A vaping ban on the University of Otago's campus is based more on prejudice than science, a Massey public health professor says.
"It's shocking," longtime tobacco researcher Associate Prof Marewa Glover, of Massey University, said.
In an internal memo circulated about the change, Otago University told staff its smoke-free campus policy had been changed to include "e-cigarettes, e-hookah, and any other vaporisers (whether delivering nicotine or not)".
The amendment to the policy came after the vice-chancellor's advisory group "took advice from some of our public health researchers".
"Advice will continue to be sought as more research comes to light," it said.
In response to questions about the university's amended policy, human resources director Kevin Seales said it was an approach "taken by a number of other universities".
But of six of the seven other New Zealand universities contacted yesterday by the Otago Daily Times, Canterbury was the only one that had implemented an electronic cigarette ban.
Prof Glover said although many public health academics remained sceptical, there was much evidence electronic cigarettes helped people who wanted to quit smoking.
And she was not opposed to smoke-free campuses -- quite the opposite.
"The prevalence of smoking is highest among 18-25 year olds," she said.
"We should be trying to help students -- and staff, if they still smoke -- to quit smoking."
That was why vaping should not be discouraged, she said.
"There's no medical reason and no social reasons for banning vaping. There've been studies, there's nothing to fear, there's no second-hand vape effect.
"Let's put that to the side, that one's clear."
Another reason offered up by electronic cigarette opponents, she said, was that it would undermine the "smoke-free culture" fostered by smoke-free campuses, because vaping, at first glance, looked like smoking.
But that, too, was unfounded, Prof Glover said.
"I've done research with children, we showed them videos of someone smoking [and of] someone vaping, and tried to get from them -- what did they think, what did they see?"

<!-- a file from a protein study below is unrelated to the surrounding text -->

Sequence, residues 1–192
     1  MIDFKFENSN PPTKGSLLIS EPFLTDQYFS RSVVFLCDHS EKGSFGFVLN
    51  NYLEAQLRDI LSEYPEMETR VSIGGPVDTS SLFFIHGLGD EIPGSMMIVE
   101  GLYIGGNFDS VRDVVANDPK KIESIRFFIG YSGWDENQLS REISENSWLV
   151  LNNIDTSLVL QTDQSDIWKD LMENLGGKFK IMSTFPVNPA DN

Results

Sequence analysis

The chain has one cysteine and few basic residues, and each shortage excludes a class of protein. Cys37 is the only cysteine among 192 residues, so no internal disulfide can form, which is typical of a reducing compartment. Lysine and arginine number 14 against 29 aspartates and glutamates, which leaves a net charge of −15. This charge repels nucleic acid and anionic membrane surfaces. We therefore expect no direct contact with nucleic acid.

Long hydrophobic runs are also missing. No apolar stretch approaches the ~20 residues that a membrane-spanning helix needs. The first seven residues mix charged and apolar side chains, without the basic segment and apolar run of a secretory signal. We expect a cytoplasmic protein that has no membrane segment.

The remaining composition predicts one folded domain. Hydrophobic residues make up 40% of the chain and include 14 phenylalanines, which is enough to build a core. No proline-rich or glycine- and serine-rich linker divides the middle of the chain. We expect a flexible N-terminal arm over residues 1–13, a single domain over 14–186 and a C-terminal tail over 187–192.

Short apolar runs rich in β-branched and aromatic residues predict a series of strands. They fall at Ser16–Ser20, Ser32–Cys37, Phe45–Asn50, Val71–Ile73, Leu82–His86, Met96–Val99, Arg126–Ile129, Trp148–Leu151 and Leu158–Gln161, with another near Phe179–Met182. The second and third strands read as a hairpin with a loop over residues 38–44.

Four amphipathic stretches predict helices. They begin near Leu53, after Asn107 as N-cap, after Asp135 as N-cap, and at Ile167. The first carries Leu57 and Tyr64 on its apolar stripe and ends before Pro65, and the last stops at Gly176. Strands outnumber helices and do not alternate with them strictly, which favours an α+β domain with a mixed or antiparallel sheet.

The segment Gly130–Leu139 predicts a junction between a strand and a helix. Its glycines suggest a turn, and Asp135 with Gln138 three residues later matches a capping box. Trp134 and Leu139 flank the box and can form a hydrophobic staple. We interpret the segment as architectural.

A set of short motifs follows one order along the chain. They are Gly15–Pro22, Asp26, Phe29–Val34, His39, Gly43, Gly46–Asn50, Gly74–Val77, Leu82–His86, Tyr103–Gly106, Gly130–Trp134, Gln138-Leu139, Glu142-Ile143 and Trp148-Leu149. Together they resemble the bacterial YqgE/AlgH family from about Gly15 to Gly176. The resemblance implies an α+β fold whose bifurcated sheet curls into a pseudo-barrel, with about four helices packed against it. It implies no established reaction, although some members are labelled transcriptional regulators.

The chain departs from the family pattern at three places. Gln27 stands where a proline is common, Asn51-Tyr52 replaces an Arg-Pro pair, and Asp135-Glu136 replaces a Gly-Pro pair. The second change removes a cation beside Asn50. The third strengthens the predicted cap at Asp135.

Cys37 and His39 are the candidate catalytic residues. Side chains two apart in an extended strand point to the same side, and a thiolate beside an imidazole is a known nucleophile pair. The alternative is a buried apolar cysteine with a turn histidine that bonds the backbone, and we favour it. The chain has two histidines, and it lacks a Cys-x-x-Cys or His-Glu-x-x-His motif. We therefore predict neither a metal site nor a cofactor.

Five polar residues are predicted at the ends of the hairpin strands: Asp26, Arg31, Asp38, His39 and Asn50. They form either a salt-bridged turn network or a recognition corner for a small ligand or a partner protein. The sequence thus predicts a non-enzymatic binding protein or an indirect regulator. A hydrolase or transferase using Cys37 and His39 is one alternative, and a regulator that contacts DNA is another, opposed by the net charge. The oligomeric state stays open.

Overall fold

Once the children learned what an electronic cigarette was, they distinguished between smoking and vaping with ease, she said.
Mr Seales cited both reasons dismissed by Prof Glover as justifications for the change.
"The advice taken by the university noted that ... [e-cigarettes] still emit toxins, and those passively exposed to e-cigarette vapour absorb nicotine."
And allowing vaping "within a designated smoke-free environment is likely to promote dual use (e.g. cigarettes and vaporisers) and deter cessation, complicate policy enforcement, and potentially attract current non-smokers to vaping and then to combustible tobacco", he wrote.
Prof Glover was not entirely surprised by the change, because the Wellington branch of the university's public health department housed "the strongest opponents against electronic cigarettes in the country", she said.
In May, eight researchers from the department co-authored a lengthy blog post on Otago's website about electronic cigarettes.
But blog post lead author Associate Prof Nick Wilson said he was not aware of the change in the university's policy, and did not think the department had been consulted on it. He was not sure who the "public health researchers" cited in the university's memo were.
"But I may be out of the loop on that," he said.
Cannabis activists are also up in arms about the change, saying it was a political move designed to shut down thrice-weekly cannabis vaping sessions on campus.
Pro-cannabis law reform student group Otago Norml spokesman Abe Gray, who organises the sessions as a protest against New Zealand's cannabis legislation, said the university had a "hidden agenda" in changing its policy on vaping -- forcing the session off campus.
"There's this vindictive element as well," he said.
The university did not respond directly to questions about whether its new policy was designed to shut down the cannabis sessions, saying only the policy changed "after the vice-chancellor's advisory group took public health advice".